This past week was a busy one. It started with the sad goodbye to Fr. Joseph Verespy of Sacred Heart of Jesus Church in Dupont last Sunday.
Fr. Verespy has been a mainstay at the church for 17 years and really loved that parish. At his last Mass, I could tell his parishioners really loved him, too.
I’ve covered church closings in the past, and those final Masses can be very sad, especially for parishioners. As I stated to Fr. Paul McDonnell at the first church closing I covered, it was like attending the saddest funeral ever.
Fr. Verespy’s final Mass was just as filled with emotion.
New priest Fr. Tom Petro, who started this week at Sacred Heart, has big shoes to fill. But with the help of parishioners, Sacred Heart will be as strong as ever.
My advice for Fr. Petro – don’t change the potato pancake recipe!
Good luck to Fr. Verespy at St. Nicholas Roman Catholic Church in Wilkes-Barre and to Fr. Petro as you lead your new flock in Dupont.
The next big event of the week was the Fourth of July or as I call it, “Festa la BoomBa.”
If you ever stand on either the Fort Jenkins Bridge or the Water Street Bridge at 10 p.m. on the night of the Fourth, it looks and sounds like World War III.
There’s a lingering cloud of smoke hovering over the Valley and some of the fireworks set off in local neighborhoods can rival the display at Kirby Park.
In Exeter, people gathered around Grant Street for a huge fireworks display. However, it was in a residential area and shortly after the display started, local authorities shut it down.
I get it. Even though the fire department was on hand just in case, it could have been the perfect storm. The “what ifs” started to fly and wiser heads prevailed.
Years ago, so many fireworks were illegal that just about the only thing you could set off were sparklers, and even that could be dangerous. “Good Morning America” did a piece on fireworks which suggested you use an oven mitt to burn sparklers.
Use an oven mitt?
Here’s an idea for next year – why can’t a central location be found where everyone can set off their fireworks and no residential properties are in peril?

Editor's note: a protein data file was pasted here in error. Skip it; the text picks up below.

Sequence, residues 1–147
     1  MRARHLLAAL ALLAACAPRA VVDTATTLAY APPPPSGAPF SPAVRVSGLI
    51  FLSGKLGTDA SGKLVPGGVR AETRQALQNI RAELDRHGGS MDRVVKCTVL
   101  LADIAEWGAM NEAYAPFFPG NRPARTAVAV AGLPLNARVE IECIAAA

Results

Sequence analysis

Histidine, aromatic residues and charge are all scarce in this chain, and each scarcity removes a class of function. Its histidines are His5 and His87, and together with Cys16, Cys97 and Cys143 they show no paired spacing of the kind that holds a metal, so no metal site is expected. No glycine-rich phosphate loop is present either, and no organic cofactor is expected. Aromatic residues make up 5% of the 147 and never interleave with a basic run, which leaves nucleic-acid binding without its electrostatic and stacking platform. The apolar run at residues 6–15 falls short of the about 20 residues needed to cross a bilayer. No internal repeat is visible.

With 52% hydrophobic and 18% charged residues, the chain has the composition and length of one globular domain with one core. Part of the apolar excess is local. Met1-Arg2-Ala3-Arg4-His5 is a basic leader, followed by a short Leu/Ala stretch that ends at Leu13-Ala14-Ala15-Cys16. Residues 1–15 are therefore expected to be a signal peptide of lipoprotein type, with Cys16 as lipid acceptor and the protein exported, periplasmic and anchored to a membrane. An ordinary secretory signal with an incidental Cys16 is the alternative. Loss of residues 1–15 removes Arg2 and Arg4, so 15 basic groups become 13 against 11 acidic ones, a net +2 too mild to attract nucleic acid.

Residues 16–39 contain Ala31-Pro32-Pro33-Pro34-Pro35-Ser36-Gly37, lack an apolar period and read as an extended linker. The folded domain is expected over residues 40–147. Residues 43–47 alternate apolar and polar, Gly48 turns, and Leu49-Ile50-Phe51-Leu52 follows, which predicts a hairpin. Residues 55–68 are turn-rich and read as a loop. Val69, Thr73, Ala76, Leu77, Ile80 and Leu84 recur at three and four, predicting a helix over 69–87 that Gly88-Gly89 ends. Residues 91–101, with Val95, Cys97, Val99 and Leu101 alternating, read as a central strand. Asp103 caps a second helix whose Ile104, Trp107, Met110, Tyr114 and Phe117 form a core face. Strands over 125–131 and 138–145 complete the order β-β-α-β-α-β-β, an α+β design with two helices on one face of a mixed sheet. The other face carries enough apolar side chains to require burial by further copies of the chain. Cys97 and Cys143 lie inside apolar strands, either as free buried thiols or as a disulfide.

There has to be a football field or a section of the riverbank or even a parking lot where this could be done safely.
Perhaps each municipality can deem certain areas of their borough or town to set off fireworks. I’m all about safety and fun, so why not work together to create a neutral site to accommodate both?
The heat wave of 2016, which predicted three days or more with temperatures in the 90s didn’t materialize like the weathermen predicted. Thursday’s clouds came in and kept the temps down, so no official heat wave just yet.
It’s hard to believe the middle of July is just about here. I could remember saying I wanted June to last forever, but in the blink of an eye, July is half over.
Summer has been great so far and there is always something to do. Bazaars will be happening all over Greater Pittston in the coming weeks, and then it all comes to a great big crescendo in August with the world-famous Pittston Tomato Festival.
At the end of this past week, I had the honor of photographing Jim Zarra, who was chosen as this year’s Tomato Festival parade grand marshal.
Jim is one of those guys that sits in the background and gets a lot of things done. His actions speak louder than his words, and that’s OK with him. You see, he is the ultimate jack-of-all-trades. He knows a lot about a lot of things and I’m sure if you ask Mayor Jason Klush, former mayor Mike Lombardo and Lori Nocito, they would be lost without Jim’s knowledge and insight.
Hats off to you, Jim — well-deserved recognition!
Quote of the week
“In our life there is a single color, as on an artist’s palette, which provides the meaning of life and art. It is the color of love.” – Marc Chagall, French artist.
Thought of the week
“Love is the condition in which the happiness of another person is essential to your own.” – Robert Heinlein, American writer.
“Come live in my heart and pay no rent.” – Samuel Lover, Irish composer, poet, painter.